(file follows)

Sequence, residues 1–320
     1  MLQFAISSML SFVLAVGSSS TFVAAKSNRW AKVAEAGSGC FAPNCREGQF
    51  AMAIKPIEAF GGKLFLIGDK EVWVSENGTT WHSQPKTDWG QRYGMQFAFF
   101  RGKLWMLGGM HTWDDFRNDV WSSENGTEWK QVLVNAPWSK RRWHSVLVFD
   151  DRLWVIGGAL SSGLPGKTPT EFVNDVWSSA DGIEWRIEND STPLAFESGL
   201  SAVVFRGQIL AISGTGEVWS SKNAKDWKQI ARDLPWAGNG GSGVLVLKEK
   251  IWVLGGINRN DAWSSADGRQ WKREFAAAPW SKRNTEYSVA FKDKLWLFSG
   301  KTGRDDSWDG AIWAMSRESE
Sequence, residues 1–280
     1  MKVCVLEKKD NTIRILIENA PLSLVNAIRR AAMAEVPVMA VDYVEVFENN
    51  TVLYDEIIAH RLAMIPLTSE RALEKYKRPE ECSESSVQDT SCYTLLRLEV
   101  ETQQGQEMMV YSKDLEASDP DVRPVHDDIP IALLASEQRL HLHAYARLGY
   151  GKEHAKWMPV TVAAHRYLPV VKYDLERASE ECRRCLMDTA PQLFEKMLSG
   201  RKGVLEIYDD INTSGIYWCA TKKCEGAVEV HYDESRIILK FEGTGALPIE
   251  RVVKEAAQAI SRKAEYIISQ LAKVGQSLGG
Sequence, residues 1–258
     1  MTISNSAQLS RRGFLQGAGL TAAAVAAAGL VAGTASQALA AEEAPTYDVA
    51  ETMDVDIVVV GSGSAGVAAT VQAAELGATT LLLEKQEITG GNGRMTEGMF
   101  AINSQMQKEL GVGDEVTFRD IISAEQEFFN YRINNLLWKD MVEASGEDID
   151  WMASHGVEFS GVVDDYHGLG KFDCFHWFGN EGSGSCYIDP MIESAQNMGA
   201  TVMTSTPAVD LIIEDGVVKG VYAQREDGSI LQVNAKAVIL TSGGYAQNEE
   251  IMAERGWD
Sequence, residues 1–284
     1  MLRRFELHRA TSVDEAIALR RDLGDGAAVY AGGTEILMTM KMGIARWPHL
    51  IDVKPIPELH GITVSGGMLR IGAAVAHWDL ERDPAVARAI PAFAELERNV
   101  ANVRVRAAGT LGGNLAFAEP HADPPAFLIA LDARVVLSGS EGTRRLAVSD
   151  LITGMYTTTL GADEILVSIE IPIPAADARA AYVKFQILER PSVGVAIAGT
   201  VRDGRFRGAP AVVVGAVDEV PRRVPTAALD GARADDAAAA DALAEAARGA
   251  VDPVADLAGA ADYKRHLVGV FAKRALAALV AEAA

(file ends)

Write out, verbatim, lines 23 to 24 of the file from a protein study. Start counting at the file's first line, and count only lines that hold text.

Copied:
Sequence, residues 1–284
     1  MLRRFELHRA TSVDEAIALR RDLGDGAAVY AGGTEILMTM KMGIARWPHL